Turkeys in focus, trading paused | Calamatta Cuschieri

Thanksgiving calm descended across markets, with investors reconciling themselves to a day of low volumes and quiet trading

US investors were more focused on turkeys than on trading on Thursday
US investors were more focused on turkeys than on trading on Thursday

Global markets were strangely quiet on Thursday as Thanksgiving calm descended across markets, and investors reconciled themselves to a day of low volumes and quiet trading. European stocks were slightly higher, with investors turning their attention to new economic data from Germany, and increased expectations of a US interest rate hike next month. Meanwhile, US investors were more focused on turkeys than on trading on Thursday, as they celebrated Thanksgiving Day.

With market liquidity scarce, the basic materials group were the best performers of the day in Europe. Healthcare and industrial stocks were also in the green, but utility and technology stocks suffered slightly.

Dollar surge continues

The dollar’s gain reverberated across emerging markets as the case for multiple US interest rate increases strengthened.

The greenback traded near the strongest level in a decade after better-than-estimated economic reports fuelled speculation the US is strong enough to withstand higher interest rates. The odds of a December rate hike surged to 100% and the probability of additional moves by June climbed to 6%, according to Fed fund futures data compiled by Bloomberg. Those bets have weighed on emerging markets on the perception that a jump in US yields would curb demand for riskier assets.

The dollar hit an eight-month high against the yen and an almost 14-year high against a basket of currencies that measures its broader strength. It also notched up new record highs overnight against a raft of emerging market currencies, including the rupee.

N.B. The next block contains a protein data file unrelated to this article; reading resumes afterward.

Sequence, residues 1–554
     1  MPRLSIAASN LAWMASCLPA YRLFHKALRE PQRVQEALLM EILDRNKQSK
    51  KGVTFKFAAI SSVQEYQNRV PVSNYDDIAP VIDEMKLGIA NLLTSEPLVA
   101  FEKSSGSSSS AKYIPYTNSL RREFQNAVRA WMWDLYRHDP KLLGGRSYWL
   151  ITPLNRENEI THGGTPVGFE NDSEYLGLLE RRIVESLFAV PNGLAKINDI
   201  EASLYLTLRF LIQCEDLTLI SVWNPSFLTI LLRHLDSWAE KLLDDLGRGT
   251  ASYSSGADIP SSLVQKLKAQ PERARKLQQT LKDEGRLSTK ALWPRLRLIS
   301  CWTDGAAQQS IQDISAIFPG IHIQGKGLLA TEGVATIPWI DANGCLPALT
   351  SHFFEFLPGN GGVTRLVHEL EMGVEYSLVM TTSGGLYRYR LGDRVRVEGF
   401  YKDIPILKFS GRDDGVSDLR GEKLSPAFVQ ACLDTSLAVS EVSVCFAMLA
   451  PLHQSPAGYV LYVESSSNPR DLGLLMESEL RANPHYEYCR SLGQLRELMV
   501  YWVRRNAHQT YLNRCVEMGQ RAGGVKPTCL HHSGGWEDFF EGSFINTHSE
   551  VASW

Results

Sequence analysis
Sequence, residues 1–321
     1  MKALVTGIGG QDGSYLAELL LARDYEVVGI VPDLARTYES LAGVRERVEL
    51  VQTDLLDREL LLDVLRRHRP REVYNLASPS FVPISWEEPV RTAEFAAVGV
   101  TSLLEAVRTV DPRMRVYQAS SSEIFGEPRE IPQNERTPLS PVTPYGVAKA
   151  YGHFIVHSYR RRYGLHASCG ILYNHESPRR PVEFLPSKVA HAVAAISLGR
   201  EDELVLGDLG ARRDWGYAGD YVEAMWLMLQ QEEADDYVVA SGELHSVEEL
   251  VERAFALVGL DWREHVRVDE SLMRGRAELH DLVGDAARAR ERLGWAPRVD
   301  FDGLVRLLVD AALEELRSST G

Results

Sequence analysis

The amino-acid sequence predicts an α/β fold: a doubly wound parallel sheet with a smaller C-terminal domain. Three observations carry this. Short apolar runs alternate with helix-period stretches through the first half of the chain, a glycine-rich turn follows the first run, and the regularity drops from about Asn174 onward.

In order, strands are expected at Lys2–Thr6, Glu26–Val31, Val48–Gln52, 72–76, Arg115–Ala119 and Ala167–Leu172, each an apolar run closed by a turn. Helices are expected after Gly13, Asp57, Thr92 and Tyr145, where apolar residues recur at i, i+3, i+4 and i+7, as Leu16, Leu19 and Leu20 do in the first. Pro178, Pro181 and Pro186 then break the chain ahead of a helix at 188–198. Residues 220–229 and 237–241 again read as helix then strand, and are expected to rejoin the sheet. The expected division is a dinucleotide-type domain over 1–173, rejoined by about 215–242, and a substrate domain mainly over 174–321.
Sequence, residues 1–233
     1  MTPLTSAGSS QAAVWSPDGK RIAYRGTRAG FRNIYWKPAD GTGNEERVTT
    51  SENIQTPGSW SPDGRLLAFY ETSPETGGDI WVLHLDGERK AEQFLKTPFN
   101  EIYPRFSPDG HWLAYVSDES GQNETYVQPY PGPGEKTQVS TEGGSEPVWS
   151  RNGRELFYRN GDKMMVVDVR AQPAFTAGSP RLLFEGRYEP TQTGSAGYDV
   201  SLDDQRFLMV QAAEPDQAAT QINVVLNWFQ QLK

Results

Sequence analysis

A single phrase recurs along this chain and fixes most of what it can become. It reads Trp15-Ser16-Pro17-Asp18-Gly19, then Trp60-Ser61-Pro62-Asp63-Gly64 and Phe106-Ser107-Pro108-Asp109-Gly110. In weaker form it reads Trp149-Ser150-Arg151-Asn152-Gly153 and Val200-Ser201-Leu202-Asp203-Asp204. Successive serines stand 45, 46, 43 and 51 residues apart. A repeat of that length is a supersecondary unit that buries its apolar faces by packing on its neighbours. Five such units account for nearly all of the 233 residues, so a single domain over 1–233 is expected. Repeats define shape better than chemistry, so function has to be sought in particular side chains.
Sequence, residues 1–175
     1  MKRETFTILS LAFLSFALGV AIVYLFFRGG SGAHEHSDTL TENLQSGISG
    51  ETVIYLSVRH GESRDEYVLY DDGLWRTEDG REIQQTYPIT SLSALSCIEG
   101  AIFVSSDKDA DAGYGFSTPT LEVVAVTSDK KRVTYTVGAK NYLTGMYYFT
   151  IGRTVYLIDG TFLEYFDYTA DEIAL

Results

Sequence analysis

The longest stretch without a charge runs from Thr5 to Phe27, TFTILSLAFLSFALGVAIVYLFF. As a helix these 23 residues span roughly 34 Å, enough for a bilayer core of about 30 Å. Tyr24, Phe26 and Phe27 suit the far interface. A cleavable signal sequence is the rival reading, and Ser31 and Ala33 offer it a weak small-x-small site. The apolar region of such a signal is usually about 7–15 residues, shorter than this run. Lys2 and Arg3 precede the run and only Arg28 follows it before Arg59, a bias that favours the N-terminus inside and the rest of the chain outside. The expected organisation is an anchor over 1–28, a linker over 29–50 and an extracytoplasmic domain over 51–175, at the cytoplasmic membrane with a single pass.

The dollar’s surge is based on a belief that Donald Trump’s presidency will produce a bump in inflation that will drive US interest rates higher and potentially see substantial dollar capital repatriated by US corporates. That would appear to play into the hands of European, Japanese and Chinese policymakers, who hope weaker currencies will help deal with their respective problems with growth.

Oil prices steady

Oil prices were steady on Thursday, ahead of next week’s meeting of the Organisation of Petroleum Exporting Countries to discuss the implementation of its proposed cap on production. Although trading volumes were low, Brent crude remained above the $48 a barrel mark, and rose 0.3% during Thursday’s session.

Headlines on OPEC have been the dominant factor driving price moves in the oil market for much of this year. Prices rebounded off their lows near $40 a barrel in recent sessions. Anticipation has been building that the cartel will follow through with a production cut at its Vienna meeting set for next Wednesday, though some sticking points remain around the terms of a cut for members such as Iran and Iraq.

BOV downgrade, outlook stable

Fitch Ratings on Thursday downgraded Bank of Valletta’s Long-Term Issuer Default Rating (IDR) and Viability Rating to ‘BBB’ from ‘BBB+’ and to ‘bbb’ from ‘bbb+’, respectively. It also affirmed the bank’s Short-Term IDR at ‘F2’, Support Rating (SR) at ‘5’ and Support Rating Floor (SRF) at ‘No Floor’. The Outlook on the Long-Term IDR is stable.

This article was issued by Rebecca Naudi, Trader at Calamatta Cuschieri. For more information visit, www.cc.com.mt. The information, view and opinions provided in this article is being provided solely for educational and informational purposes and should not be construed as investment advice, advice concerning particular investments or investment decisions, or tax or legal advice. Calamatta Cuschieri Investments Services Ltd has not verified and consequently neither warrants the accuracy nor the veracity of any information, views or opinions appearing on this website.

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